Airworthiness Manual Advisory (AMA) No. 549.5

AMA: 549.5
Date: January 3, 1991

Subject: Evaluation Of Amateur-Built Aircraft Kits To Determine Compliance With The Major Portion Requirement

1. Purpose

This advisory information provides an acceptable method for the evaluation of amateur-built aircraft kits to determine compliance with the requirement of Chapter 549 that the major portion of an amateur-built aircraft be fabricated from raw material and assembled by an individual or group of individuals on a non-commercial, non-production basis.

Like all advisory material, this AMA is not mandatory and does not constitute a regulation.  As a guidance document, its purpose is to outline a method of compliance with existing standards.  The applicant may elect to follow an alternate method which must be acceptable to the Department of Transport as a means of compliance with the requirements of Chapter 549 of the Airworthiness Manual.  Hence the terms "shall" and "must" used herein apply only to an applicant who chooses to follow this particular method without deviations.

2. Reference Airworthiness Standards

Chapter 549, Amateur-Built Aircraft, section 549.5.

3. Background And Discussion

An essential requirement for amateur-built aircraft is that "The major portion of the aircraft (more than 50%) is fabricated from raw material and assembled by an individual or a group of individuals on a non-commercial, non-production basis for educational or recreational purposes".  The reasons for this are:

  1. The owner-builder would be serving an informal apprenticeship and be familiar with all aspects of the aircraft construction and assembly and would thus be competent to perform all maintenance on the aircraft.
  2. It would ensure that the aircraft met the original intent that it be built for education and recreation and not circumvent normal certification procedures and become a commercial venture.

Originally, compliance with this requirement caused little or no controversy, since virtually all amateur-built aircraft were constructed from plans only (plans-built).  The builder had no option but to purchase all necessary "raw material", (sheet, tubing, fabric, wood) accessories, etc. from various aircraft vendors and sources.

However, during the 1970's "kits" were being offered to prospective owners/builders that included most, if not all, of the raw material necessary to complete the aircraft.  During subsequent years this trend continued to expand to the extent that many  major components and major sub-assemblies are now included in many such kits, with the view to reducing the man hours necessary to complete the aircraft.  The obvious result of this trend is that many amateur-built aircraft kits are now available whereby it is questionable whether or not the owner/builder is "building" the major portion of the aircraft, or simply assembling the components to complete the aircraft.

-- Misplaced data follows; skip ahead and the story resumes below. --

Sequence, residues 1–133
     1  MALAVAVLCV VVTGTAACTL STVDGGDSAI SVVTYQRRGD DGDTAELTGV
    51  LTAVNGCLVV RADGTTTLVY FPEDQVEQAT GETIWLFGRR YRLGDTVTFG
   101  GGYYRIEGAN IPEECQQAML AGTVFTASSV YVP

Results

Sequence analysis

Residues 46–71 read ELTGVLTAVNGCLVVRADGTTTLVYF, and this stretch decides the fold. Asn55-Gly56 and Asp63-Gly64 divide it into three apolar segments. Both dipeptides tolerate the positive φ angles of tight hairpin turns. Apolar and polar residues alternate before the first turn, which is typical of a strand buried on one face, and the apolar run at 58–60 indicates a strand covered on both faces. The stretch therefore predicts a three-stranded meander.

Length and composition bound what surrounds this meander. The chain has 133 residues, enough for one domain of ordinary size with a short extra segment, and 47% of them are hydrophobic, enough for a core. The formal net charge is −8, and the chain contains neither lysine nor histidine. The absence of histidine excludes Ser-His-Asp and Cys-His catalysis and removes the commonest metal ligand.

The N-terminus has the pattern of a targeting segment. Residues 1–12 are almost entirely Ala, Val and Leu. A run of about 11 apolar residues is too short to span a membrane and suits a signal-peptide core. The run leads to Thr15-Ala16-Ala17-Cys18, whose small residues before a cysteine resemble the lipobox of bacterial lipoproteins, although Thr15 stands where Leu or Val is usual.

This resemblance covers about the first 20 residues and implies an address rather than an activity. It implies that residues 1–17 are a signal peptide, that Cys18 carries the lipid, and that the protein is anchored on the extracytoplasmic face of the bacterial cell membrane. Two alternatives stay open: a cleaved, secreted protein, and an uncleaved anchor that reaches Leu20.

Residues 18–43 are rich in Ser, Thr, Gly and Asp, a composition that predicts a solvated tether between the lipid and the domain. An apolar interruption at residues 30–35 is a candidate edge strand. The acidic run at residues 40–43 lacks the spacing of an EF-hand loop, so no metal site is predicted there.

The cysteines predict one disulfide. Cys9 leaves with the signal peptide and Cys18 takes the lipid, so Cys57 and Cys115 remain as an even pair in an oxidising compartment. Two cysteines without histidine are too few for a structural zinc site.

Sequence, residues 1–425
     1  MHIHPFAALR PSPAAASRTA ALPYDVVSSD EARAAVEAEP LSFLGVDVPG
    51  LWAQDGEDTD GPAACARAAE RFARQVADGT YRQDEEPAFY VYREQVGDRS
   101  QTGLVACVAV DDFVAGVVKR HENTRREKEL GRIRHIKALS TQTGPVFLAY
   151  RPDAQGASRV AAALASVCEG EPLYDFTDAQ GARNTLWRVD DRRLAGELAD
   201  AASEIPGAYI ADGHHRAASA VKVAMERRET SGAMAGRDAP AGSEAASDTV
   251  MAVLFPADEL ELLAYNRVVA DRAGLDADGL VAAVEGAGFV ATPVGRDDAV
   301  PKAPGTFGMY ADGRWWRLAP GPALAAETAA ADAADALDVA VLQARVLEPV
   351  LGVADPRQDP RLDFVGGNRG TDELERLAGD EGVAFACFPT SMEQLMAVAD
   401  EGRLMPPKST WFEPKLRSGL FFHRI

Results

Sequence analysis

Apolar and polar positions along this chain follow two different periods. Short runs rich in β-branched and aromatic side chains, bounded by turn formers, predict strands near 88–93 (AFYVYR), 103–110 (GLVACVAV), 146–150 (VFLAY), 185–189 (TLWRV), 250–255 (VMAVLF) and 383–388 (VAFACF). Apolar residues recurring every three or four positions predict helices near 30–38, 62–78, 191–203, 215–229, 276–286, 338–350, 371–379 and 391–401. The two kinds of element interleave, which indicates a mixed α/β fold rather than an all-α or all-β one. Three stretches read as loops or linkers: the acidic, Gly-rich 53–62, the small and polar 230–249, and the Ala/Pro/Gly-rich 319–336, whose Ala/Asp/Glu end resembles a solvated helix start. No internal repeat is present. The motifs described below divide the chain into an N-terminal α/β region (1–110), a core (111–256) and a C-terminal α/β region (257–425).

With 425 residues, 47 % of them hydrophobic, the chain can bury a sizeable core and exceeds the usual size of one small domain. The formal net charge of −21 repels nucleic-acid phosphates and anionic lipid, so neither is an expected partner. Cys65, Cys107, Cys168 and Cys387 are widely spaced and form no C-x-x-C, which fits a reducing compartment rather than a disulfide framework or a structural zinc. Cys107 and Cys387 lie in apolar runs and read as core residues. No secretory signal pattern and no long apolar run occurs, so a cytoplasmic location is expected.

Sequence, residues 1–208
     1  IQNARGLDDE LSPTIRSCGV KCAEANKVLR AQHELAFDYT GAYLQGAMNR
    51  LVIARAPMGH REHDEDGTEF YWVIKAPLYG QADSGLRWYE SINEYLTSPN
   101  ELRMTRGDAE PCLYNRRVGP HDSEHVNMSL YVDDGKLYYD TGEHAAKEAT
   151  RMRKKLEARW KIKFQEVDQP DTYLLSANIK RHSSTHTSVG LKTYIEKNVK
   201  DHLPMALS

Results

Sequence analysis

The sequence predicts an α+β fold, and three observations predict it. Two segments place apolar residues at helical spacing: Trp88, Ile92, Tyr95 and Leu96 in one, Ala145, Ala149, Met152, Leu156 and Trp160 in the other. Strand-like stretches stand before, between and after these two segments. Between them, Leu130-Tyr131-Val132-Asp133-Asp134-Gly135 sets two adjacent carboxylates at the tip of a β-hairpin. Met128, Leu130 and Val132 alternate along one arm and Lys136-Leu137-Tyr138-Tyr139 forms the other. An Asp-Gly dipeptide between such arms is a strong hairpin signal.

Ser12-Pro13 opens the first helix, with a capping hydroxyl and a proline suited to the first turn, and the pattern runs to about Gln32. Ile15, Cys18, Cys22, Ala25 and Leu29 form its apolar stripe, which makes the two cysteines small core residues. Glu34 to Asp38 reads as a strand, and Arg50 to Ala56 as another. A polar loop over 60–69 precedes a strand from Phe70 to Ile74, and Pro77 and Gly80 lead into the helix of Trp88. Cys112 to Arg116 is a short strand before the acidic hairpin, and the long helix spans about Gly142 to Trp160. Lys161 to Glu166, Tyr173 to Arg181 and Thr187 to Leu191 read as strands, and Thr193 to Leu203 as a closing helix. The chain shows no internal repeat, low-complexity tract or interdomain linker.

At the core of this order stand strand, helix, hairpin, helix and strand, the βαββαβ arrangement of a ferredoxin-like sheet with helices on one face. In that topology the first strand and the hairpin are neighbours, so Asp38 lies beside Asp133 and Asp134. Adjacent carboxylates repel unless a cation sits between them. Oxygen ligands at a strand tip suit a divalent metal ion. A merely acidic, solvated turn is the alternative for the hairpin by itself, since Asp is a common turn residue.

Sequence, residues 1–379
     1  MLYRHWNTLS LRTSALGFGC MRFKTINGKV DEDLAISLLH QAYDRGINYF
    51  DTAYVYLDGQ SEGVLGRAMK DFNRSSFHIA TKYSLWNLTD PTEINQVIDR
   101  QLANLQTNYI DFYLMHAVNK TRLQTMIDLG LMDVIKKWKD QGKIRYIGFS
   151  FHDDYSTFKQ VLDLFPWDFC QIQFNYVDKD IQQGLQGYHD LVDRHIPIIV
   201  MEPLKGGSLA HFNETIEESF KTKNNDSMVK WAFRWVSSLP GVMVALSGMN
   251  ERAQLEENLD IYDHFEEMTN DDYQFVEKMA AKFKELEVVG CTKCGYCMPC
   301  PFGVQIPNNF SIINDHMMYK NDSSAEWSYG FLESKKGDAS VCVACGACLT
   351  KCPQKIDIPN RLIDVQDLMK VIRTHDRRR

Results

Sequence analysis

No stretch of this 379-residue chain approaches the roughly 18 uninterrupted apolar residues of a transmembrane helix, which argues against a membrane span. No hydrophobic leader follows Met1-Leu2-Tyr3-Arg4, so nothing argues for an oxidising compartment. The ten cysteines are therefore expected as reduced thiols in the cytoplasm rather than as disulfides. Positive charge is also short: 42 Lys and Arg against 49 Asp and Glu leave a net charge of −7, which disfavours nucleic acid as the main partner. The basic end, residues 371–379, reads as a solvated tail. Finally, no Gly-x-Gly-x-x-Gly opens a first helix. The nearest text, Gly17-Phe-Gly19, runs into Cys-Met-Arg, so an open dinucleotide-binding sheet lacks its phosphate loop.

Because of the proliferation of these kits and their builder content causing potential conflict with the Major Portion requirement, questions and controversy have frequently arisen with respect to defining what constitutes the major portion of an amateur-built aircraft.  Although major portion has been interpreted as more than 50% of the total aircraft (or airframe) this has proven to be inadequate and more definitive criteria are required.  Interpretations and judgements between different Transport Canada Regional Offices and others who evaluate or review evaluations may vary widely resulting in a lack of uniformity.  This variation is unacceptable and so evaluation procedures must be standardized.

Methodology Used.  Various methodologies or criteria can be used to determine compliance with the Major Portion requirement.  Most of these methodologies are subjective and require the assessor to make judgements to a greater or lesser degree; thus leading to inconsistencies.  However a system based upon a simple parts count or total, as this AMA does, reduces subjective decisions to the minimum.  It also has the advantage of being the simplest system to  utilize to provide consistent and equitable results nation-wide.

The kit evaluation methodology used in this AMA determines the number of parts constructed or assembled by the builder compared with the number of parts constructed or assembled and supplied by the manufacturer.

This methodology is the same as used by the FAA; this commonality then has obvious advantages for airworthiness authorities, manufacturers and builders in both Canada and the U.S.A. (i.e. potential for  mutual acceptance of kit evaluation by the respective airworthiness authorities).